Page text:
Wikileaks, Neoliberalism, and American Decline

The flood of revelations from Wikileaks raises some difficult questions about data security and government secrecy. Some privacy activists might enjoy seeing technology “turn the tables” on a national surveillance state, exposing its secrets as indiscriminately as programs like warrantless wiretapping gathered up citizens’ data. But retaliation is inevitable: just as the shoe-bomber provoked new TSA rituals, those who want more surveillance of the internet will point to the leaked cables. As Ross Douthat argues, “WikiLeaks is at best a temporary victory for transparency, and it’s likely to spur the further insulation of the permanent state from scrutiny, accountability or even self-knowledge.” We can expect more security initiatives, more indiscriminate classification of documents, and perhaps even more undocumented communications about critical issues.

The discussion of Wikileaks tends to focus on either process (can government officials still communicate securely?) or substance (what do particular cables reveal about American policy?). Those two conversations ought to converge. As Felix Stalder notes, policy promoting an “Information Sharing Environment” may well have created the conditions for this breach:

There is an inherent paradox. Vast streams of classified records need to flow freely in order to sustain complex, distributed and time-sensitive operations. Yet, since the information is classified, it needs to flow within strict boundaries which cannot be clearly defined on a general level (after all, you never know what needs to get connected with what in advance), and it needs to flow through many, many hands. This creates the techno-organisational preconditions for massive amounts of information to leak out.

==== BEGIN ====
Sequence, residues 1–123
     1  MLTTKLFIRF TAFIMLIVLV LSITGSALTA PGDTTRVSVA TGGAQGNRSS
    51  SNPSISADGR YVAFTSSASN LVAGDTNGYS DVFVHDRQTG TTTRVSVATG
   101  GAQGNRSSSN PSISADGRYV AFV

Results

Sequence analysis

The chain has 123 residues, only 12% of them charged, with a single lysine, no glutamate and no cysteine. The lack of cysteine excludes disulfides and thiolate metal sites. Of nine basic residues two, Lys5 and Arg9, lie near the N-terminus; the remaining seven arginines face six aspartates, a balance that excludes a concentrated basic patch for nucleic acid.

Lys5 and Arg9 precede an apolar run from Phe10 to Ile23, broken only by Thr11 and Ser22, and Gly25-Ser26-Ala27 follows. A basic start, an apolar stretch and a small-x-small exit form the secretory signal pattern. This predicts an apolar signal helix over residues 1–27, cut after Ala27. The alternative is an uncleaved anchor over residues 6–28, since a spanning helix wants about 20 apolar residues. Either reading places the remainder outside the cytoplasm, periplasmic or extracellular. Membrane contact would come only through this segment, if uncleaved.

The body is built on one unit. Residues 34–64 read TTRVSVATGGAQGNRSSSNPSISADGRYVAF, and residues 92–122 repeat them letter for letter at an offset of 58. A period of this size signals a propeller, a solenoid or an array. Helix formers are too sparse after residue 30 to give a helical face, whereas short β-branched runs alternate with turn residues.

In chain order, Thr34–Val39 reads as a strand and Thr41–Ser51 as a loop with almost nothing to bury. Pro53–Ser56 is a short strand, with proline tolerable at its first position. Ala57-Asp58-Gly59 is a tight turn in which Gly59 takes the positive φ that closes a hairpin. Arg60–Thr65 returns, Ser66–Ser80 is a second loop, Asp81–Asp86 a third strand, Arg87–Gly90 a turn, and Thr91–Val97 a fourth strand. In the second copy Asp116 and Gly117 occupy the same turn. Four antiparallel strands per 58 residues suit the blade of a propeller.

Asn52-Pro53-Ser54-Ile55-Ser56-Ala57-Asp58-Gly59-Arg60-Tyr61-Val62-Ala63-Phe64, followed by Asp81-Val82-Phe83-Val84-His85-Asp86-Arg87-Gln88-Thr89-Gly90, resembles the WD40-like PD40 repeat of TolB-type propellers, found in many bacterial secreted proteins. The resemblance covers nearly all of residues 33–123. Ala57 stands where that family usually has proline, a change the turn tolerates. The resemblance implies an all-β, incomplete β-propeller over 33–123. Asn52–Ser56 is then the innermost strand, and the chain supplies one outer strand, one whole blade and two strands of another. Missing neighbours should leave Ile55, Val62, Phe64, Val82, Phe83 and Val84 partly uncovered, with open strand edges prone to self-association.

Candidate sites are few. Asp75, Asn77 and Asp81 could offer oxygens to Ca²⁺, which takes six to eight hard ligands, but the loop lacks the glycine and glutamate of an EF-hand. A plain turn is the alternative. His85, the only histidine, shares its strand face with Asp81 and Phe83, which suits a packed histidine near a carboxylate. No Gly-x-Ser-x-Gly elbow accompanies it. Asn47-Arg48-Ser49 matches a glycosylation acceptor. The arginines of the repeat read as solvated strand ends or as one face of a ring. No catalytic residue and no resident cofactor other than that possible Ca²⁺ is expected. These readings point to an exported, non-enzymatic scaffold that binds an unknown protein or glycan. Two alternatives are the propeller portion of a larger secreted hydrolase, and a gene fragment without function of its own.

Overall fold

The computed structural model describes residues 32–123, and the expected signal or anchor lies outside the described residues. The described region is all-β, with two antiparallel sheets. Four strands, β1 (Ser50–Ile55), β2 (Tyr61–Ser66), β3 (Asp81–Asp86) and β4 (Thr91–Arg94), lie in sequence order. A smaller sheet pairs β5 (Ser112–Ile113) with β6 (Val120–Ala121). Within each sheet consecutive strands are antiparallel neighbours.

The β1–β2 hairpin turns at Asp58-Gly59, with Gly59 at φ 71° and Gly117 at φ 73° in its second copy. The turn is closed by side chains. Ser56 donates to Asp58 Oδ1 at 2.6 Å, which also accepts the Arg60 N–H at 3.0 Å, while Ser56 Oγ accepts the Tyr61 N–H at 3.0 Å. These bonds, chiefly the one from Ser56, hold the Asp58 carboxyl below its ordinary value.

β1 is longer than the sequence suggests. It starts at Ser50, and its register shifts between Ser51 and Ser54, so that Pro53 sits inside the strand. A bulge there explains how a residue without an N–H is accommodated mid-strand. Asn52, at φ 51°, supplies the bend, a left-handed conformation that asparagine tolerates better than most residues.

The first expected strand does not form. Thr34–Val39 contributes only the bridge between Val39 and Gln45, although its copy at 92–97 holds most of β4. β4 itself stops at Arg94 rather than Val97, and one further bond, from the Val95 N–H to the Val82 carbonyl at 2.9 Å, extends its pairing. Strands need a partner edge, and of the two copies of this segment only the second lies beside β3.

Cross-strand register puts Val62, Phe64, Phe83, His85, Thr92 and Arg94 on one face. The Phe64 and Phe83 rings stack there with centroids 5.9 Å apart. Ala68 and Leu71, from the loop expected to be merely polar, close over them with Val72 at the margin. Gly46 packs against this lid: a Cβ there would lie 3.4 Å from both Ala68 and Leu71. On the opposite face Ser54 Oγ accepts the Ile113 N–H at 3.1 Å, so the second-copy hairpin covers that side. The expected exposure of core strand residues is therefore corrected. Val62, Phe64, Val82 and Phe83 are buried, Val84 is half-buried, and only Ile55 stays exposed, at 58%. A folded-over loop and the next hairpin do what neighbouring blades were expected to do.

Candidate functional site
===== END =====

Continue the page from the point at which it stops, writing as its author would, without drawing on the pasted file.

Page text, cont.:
Stalder also reveals how a larger neoliberal policy framework saps the trust structures that are necessary to build solidarity and order in institutions:

[T]here is a second internal contradiction. People are asked to identify personally with organisations who . . . expressly regard their employees as nothing but expendable, short-term resources. This, I think, creates the cognitive dissonance that . . . [leads] the leaker to violate procedure and actively damage the organisation of which he, or she, has been at some point a well-acculturated member (this is the difference to the spy). . . . a similar lack of identification can be seen within corporations, as evidenced in the leaks from Swiss banks.

I am not saying (and I do not believe Stalder is saying) that any particular leak is justified (though the work of Global Financial Integrity suggests that illicit financial flows really deserve whistleblowing). I am suggesting certain affinities between US backing of neoliberalism generally and the peculiarly utopian aspirations of an Assange. For example, I was not surprised to see a blogger at The Economist supporting Wikileaks: